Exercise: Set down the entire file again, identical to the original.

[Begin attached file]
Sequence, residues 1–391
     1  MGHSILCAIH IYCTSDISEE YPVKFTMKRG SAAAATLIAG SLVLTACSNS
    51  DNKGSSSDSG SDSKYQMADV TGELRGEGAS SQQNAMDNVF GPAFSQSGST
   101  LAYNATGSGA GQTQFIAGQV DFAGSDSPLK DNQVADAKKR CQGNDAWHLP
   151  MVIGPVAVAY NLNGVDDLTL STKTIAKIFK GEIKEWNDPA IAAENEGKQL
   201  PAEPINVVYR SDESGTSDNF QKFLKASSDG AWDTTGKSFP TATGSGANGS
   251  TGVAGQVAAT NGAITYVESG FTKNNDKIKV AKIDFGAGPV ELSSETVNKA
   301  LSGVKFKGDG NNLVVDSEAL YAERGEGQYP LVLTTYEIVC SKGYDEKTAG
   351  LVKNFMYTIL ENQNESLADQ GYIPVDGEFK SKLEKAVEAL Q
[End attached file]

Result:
Sequence, residues 1–391
     1  MGHSILCAIH IYCTSDISEE YPVKFTMKRG SAAAATLIAG SLVLTACSNS
    51  DNKGSSSDSG SDSKYQMADV TGELRGEGAS SQQNAMDNVF GPAFSQSGST
   101  LAYNATGSGA GQTQFIAGQV DFAGSDSPLK DNQVADAKKR CQGNDAWHLP
   151  MVIGPVAVAY NLNGVDDLTL STKTIAKIFK GEIKEWNDPA IAAENEGKQL
   201  PAEPINVVYR SDESGTSDNF QKFLKASSDG AWDTTGKSFP TATGSGANGS
   251  TGVAGQVAAT NGAITYVESG FTKNNDKIKV AKIDFGAGPV ELSSETVNKA
   301  LSGVKFKGDG NNLVVDSEAL YAERGEGQYP LVLTTYEIVC SKGYDEKTAG
   351  LVKNFMYTIL ENQNESLADQ GYIPVDGEFK SKLEKAVEAL Q